Tufts OpenCourseware


  • Students will begin to understand the strategies used by microbial pathogens to establish infectious disease in the host.
  • Students will demonstrate an understanding of the process of microbial and parasitic infection, including a laboratory experience designed to detect microbial growth and identification.
  • Students will enhance their skills in scientific communication and continued learning through the laboratory experience.


Notes on required readings.

You will have access to most of the lecture slides. You will receive lecture outlines and assigned readings in the textbook: Mechanisms of Microbial Diseases (3rd edition) by Schaechter, Medoff and Eisenstein, Williams and Wilkins Press.

Complete digestion of the assigned readings in this textbook is absolutely required for successful completion of the course, and everyone must have a copy. Some exam questions derive from the assigned readings without coverage during the lectures. You should note that the book is somewhat unusual, in that it is not exhaustive in its coverage of any topic; rather, it reads more like lecture notes, which is its intent. In addition, most of the lecturers have provided rough outlines of their lectures in this syllabus, but these outlines are just intended to give either a 'head-start' on recording lecture material and/or a 'most important' distillate of lecture material. Often, the provided outline reflects how the lecturer thinks about a topic, and should not be viewed as a replacement for the textbook.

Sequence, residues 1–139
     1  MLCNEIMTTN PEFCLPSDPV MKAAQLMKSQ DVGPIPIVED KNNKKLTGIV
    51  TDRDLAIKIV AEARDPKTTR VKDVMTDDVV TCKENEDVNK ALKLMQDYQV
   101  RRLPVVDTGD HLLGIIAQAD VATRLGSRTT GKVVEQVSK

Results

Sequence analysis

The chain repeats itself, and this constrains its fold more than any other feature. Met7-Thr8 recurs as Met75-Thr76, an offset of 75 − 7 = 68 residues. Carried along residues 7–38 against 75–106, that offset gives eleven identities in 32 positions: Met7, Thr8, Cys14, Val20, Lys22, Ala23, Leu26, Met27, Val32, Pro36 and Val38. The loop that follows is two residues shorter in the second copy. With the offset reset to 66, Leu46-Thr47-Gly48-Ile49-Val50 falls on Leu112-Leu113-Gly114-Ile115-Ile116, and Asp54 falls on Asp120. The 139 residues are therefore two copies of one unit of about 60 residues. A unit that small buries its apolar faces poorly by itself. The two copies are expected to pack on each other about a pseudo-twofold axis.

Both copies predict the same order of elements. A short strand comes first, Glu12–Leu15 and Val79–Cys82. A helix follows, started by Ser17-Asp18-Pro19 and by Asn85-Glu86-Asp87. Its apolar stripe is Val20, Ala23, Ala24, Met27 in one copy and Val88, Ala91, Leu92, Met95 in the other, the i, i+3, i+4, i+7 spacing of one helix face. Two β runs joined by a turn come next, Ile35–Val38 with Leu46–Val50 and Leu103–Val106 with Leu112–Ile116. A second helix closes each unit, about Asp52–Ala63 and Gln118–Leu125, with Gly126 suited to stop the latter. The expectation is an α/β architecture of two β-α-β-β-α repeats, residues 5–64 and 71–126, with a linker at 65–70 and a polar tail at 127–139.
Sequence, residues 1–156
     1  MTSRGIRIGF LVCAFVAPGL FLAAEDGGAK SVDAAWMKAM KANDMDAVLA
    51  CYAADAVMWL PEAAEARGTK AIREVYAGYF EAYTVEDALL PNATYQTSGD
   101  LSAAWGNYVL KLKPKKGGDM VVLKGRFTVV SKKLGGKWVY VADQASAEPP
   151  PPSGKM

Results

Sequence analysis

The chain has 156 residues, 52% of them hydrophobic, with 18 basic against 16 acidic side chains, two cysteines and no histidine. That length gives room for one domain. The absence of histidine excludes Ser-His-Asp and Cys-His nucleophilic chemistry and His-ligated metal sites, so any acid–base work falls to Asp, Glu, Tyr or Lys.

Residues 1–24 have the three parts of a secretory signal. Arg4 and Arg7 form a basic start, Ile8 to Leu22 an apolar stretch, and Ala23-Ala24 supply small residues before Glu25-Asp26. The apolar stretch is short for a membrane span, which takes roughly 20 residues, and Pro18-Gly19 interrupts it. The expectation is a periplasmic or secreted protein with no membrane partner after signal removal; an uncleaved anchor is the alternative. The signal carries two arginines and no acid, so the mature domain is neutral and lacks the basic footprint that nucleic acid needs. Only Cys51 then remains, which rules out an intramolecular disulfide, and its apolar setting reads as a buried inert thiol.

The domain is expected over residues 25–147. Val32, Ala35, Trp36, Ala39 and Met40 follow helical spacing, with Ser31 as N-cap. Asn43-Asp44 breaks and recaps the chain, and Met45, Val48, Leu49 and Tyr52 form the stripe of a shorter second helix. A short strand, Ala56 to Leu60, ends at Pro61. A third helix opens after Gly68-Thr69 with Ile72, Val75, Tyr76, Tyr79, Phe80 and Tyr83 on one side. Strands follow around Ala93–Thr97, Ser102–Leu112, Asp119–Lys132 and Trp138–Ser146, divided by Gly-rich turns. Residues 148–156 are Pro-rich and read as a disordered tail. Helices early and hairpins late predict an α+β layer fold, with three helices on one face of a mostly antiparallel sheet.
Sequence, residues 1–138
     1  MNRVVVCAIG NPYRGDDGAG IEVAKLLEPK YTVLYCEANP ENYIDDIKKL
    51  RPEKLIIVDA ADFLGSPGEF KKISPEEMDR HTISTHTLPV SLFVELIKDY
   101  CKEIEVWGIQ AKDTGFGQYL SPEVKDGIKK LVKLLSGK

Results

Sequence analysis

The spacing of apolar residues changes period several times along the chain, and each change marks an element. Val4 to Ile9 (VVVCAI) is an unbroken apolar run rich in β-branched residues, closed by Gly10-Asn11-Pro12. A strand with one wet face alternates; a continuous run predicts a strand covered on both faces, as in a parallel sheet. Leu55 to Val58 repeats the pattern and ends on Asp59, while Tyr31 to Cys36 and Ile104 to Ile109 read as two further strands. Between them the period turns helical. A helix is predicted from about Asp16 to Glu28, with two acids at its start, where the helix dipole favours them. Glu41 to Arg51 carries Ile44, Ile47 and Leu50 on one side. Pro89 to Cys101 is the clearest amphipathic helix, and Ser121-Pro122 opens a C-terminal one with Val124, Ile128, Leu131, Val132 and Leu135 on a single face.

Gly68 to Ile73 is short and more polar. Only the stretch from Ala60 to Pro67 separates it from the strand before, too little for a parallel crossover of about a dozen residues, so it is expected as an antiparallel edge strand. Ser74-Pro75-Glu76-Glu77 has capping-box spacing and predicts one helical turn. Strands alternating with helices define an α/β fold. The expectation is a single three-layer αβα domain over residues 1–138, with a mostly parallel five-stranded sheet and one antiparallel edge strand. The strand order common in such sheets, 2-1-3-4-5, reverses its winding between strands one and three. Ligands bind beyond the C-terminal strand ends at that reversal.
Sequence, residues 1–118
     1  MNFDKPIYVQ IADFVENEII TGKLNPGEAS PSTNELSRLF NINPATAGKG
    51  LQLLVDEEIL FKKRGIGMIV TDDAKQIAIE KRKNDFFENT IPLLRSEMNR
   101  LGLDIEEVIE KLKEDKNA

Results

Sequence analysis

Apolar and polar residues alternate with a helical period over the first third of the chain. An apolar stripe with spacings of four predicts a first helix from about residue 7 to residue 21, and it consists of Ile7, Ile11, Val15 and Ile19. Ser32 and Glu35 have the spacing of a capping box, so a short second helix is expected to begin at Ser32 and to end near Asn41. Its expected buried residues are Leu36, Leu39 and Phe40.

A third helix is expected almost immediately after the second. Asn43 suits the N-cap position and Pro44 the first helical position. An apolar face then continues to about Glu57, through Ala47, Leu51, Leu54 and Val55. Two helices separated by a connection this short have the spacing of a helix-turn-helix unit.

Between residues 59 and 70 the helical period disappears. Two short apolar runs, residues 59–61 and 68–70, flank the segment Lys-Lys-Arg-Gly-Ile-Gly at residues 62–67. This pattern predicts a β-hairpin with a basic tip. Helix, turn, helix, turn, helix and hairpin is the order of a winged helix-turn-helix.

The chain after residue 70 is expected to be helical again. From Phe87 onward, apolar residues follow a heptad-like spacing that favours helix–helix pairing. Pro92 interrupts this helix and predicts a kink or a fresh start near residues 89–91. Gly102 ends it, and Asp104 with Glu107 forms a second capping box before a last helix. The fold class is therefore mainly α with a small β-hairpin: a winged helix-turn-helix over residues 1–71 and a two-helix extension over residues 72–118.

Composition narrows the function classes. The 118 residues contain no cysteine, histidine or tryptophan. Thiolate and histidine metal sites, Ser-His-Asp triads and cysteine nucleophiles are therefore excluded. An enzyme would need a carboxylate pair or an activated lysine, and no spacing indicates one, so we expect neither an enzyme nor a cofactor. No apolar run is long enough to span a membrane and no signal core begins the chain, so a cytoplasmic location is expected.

Notes on recommended readings.

Although successful completion of this course will not require the student to study anything other than the textbook, lectures and lecture outlines, several books have been found to be useful. Two of these,

  1. Microbiology / Bernard D. Davis ... [et al.]. Philadelphia : Lippincott, c1990.
  2. Mandell, Douglas, and Bennett's Principles and Practice of Infectious Diseases / edited by Gerald L. Mandell, John E. Bennett, Raphael Dolin.Philadelphia : Churchill Livingstone, c2000.

are the sort of style of textbooks that you might be more familiar with. There should not be any real necessity to use these books except to resolve some specific confusing point in the textbook or lectures. Mims' Pathogenesis of Infectious Disease (Mims' pathogenesis of infectious disease. London ; San Diego : Academic Press, 1995) is a book that every student should skim at sometime in their careers, and now is as good a time as any. Another text is Mechanisms of Microbial Diseases (3rd edition) by Schaechter, Medoff and Eisenstein, Williams and Wilkins Press and . Remember, however, concentrating on the textbook rather than outside reading should be fine.

Grades and Exams

One multiple-choice quiz will be given, and the questions will draw from material in the first 6 lectures. The quiz will account for 5% of your final grade. Two multiple-choice exams will be given, a Mid-term and a Final, and each will account for 45% of your final grade. The remaining 5% of your final grade will come from the laboratory portion of the course. The Mid- term will cover everything in the lectures from the first lecture and up to and including the lecture on Opportunistic Infections. The Final will only cover material beginning with the lecture on Intestinal Helminths and extending to the last lecture (Viral Exanthams), so it is not comprehensive. Some exam questions will draw on what you learn in the laboratory. Some exam questions will draw partially or entirely on what you learn in the textbook assigned chapters. Finally, most questions will draw partially or entirely on material covered in the lectures and from lecture outlines.